Martin Newell, an ordained Catholic priest, is well-known for his hands-on approach to peace-making. He has confronted the British dragon of war in its many dens: the Ministry of Defence building in Whitehall, the obscene military bases that litter our countryside and the headquarters of the arms manufacturers. His tactics have included the cutting of perimeter fences, “criminal” damage to nuclear-weapon storage facilities, picketing, vigils, pray-ins and graffiti written with “blessed charcoal”.
As a member of an intentional community (the London Catholic Workers) he is rarely alone in these actions as he can call on a big band of supporters that includes nuns and ex-soldiers, as well as non-Catholics, and even non-Christians such as myself.
The timing of his actions often relates to the church’s calendar. For example, the Feast of the Holy Innocents commemorates the massacre of new-born babes by Herod at the time of the Nativity. For Martin this is an apt moment to pray for those innocents being slaughtered every day by British troops in the Middle East (“collateral damage” as the army calls them). Or to make the point more vividly by going further than just praying….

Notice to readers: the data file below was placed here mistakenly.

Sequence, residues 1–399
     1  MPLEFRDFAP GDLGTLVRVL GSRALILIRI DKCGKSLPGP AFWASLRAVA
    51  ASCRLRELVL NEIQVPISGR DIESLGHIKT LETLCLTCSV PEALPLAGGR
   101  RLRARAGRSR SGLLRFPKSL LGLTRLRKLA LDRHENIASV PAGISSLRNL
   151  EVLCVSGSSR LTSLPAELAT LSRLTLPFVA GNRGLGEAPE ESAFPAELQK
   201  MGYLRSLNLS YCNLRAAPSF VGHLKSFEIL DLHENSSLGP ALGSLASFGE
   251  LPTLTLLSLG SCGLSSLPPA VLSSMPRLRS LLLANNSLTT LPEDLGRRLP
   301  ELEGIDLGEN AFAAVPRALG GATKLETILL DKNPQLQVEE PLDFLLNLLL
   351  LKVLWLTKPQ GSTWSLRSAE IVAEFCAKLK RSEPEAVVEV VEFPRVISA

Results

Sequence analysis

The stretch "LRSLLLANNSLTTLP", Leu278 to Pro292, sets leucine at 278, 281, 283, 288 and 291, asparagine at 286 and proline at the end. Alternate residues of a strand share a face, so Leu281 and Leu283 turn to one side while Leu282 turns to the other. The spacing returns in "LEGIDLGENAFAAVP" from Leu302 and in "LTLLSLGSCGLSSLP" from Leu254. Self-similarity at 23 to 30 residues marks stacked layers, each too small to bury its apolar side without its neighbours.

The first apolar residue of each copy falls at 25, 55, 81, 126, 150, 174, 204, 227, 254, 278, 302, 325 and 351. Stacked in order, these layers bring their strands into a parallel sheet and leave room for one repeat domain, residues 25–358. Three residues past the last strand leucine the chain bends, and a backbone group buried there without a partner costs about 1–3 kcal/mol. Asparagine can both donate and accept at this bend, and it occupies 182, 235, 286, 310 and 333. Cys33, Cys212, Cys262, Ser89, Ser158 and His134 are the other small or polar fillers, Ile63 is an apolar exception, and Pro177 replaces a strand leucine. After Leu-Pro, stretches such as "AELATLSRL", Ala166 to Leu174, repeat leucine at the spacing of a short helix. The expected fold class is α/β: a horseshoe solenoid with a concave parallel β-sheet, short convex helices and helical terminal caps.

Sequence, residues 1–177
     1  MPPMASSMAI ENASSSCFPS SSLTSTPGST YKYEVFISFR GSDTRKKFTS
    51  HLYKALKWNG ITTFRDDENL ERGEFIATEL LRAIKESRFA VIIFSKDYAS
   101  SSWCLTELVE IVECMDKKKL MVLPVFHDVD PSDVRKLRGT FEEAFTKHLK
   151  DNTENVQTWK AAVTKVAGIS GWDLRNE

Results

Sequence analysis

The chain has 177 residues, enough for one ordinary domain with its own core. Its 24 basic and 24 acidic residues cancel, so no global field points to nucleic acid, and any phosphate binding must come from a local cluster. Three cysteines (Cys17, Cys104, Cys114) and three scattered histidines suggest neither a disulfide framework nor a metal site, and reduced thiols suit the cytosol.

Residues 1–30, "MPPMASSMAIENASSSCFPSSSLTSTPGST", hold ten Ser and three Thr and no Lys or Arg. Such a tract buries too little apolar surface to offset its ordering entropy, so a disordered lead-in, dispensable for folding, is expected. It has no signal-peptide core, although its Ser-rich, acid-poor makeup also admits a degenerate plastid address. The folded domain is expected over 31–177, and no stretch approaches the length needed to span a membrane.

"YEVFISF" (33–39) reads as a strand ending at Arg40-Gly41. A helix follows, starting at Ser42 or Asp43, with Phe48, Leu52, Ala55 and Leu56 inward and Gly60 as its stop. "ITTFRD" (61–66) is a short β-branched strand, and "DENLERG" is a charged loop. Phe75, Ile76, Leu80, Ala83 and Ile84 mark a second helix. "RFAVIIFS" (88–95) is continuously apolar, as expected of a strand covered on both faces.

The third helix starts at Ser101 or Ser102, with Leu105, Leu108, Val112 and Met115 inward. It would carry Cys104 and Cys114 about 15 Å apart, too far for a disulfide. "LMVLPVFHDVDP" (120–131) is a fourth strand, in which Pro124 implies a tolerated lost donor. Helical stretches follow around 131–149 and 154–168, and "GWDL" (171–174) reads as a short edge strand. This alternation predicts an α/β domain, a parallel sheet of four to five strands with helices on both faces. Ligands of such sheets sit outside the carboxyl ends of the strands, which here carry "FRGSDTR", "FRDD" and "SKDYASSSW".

Ash Wednesday is celebrated by using ashes, or at least “blessed charcoal” as a symbolic substitute, to write slogans on the Ministry of Defence walls. Last year Martin’s comrades distracted the MOD police long enough for him to write slogans four feet high and twenty five feet long: “GOD SAYS DISARM TRIDENT NUCLEAR BOMBS”, “TRIDENT = DEATH MACHINE”, and “GOD IS PEACE AND LOVE”.
Other actions take place on the anniversary of Jesus’ non-violent cleansing of the temple (i.e. driving out the money-lenders). This is the day of Non-Violent Resistance in some Christian circles.
- Thanks to him, an (empty) nuclear weapons convoy truck at RAF Wittering was put out of action for 6 months, after he inflicted £32000 worth of damage on it. This “Ploughshares” action was inspired by the prophecies of Isaiah: ” He will judge between the nations and will settle disputes for many peoples. They will beat their swords into ploughshares and their spears into pruning hooks. Nation will not take up sword against nation, nor will they train for war any more.” (2:4) (Micah chapter 4 echoes these sentiments precisely.)